NEW YORK ( TheStreet) -- GoDaddy's strong brand and solid footing in the web-domain niche suggests its initial public offering may give a boost to the tech sector, where the number of companies going public has dwindled compared with last year.

"It's a stock you'll want to hold onto for three to four years -- that's how we look at it," Josef Schuster, founder of IPOX Schuster, a Chicago-based IPO investment firm, said in a phone interview.

GoDaddy, based in Scottsdale, Ariz., will offer 22 million Class A shares priced between $17 and $19 each, valuing the April 1 offering at as much as $418 million. Morgan Stanley, JPMorgan and Citigroup are the main underwriters. Shares will trade under the ticker "GDDY" on the New York Stock Exchange.

Founded in 1997, GoDaddy, known for its commercials featuring scantily clad women and its Super Bowl ads with race-car driver Danica Patrick, employs 4,908 people. It has provided web registration and web-hosting services for nearly 59 million domains, serving 12.7 million customers. The company reported fiscal 2014 revenue of $1.4 billion, a net loss of $143.3 million and adjusted EBITDA of $271.5 million.

In general, the outlook for technology IPOs for 2015 is positive, with several major ones on the horizon, such as  Ebay's (EBAY) - Get Report anticipated spin-off of PayPal. But the overall number of IPOs, and technology IPOs in particular, is declining.

In the U.S., 33 companies have gone public since Jan. 1, down 48% from the 64 companies that joined exchanges last year in the same time period. And this year's total includes only three technology companies -- Inovalon Holdings (INOV) - Get ReportBox (BOX) - Get Report and MaxPoint Interactive (MXPT) -- versus the 14 tech companies that went public during the same period in 2014, according to Renaissance Capital, an IPO market research firm.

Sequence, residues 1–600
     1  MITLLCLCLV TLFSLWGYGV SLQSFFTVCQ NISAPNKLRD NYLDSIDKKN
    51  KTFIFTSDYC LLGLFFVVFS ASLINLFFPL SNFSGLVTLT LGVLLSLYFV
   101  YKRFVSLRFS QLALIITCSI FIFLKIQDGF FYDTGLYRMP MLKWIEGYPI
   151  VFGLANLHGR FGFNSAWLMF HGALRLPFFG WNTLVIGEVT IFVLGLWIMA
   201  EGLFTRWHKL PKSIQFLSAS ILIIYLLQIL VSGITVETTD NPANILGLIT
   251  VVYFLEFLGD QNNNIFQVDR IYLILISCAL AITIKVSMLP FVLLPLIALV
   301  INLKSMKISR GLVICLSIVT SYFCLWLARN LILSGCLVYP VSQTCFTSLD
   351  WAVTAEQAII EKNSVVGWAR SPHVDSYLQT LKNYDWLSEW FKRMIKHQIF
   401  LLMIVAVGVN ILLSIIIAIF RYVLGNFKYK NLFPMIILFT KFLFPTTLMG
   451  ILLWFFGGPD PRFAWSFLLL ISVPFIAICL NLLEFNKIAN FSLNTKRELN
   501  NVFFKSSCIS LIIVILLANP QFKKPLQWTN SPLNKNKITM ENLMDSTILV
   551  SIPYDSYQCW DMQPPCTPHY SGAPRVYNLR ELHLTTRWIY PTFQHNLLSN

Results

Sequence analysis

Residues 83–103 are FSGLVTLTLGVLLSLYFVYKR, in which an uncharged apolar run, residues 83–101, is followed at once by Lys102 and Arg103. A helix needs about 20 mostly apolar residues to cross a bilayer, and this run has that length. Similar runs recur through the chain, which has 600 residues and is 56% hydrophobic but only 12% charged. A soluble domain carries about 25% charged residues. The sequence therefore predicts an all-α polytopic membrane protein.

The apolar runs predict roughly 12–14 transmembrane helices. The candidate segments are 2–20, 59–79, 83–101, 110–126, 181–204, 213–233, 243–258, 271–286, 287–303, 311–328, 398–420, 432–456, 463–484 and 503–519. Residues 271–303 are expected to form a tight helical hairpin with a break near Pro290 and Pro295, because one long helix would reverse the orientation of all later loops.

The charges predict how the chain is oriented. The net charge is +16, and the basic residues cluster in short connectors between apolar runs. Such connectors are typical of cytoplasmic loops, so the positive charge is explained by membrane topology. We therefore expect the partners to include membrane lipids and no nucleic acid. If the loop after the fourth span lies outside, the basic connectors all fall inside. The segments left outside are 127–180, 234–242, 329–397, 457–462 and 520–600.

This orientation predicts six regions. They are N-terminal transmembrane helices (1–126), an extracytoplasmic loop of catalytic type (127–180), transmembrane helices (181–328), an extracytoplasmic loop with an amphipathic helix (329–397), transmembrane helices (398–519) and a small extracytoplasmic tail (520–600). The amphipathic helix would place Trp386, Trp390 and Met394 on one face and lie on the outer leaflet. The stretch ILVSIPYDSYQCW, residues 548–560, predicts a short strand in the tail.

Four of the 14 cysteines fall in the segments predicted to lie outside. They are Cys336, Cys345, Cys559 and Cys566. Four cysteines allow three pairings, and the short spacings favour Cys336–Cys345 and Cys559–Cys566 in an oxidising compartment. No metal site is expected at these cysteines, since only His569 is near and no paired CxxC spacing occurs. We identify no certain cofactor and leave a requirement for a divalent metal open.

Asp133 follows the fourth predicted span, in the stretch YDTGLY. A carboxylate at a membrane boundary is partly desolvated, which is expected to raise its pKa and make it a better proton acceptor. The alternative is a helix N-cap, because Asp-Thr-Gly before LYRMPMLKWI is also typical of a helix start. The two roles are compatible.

GoDaddy will be the fifth-largest IPO to date in 2015 and the second-largest technology company after Inovalon, which raised $600 million and saw  shares spike nearly 10% on its first day of trading on Feb. 12.

Kathleen Smith, principal and manager of IPO-focused ETFs for Renaissance Capital, said there has been a "dearth of tech IPOs" this year, as more technology companies are able to secure funding in the pre-IPO market. This allows them to stay private longer without needing to show near-term earnings plans that public investors require. The returns on tech IPOs have also lagged those from companies in other industries, she said.

GoDaddy's debut on Wednesday could change that.

"The GoDaddy IPO is an important IPO for the IPO market and the tech sector," Smith said. "Unlike many of the tech IPOs, GoDaddy has sizable recurring revenue ... and is very profitable on a free-cash-flow basis. A successful IPO for GoDaddy will pave the way for other tech IPOs."

This is not GoDaddy's first attempt at going public. The company filed for an IPO in 2006 but then withdrew the plans citing market conditions.

In 2011, private equity firms Silver Lake, KKR & Co. and Technology Crossover Ventures acquired GoDaddy in a roughly $2.25 billion deal.

After Wednesday's IPO, GoDaddy will have 60.8 million Class A shares outstanding and 90.4 million Class B shares.

This article is commentary by an independent contributor. At the time of publication, the author held no positions in the stocks mentioned.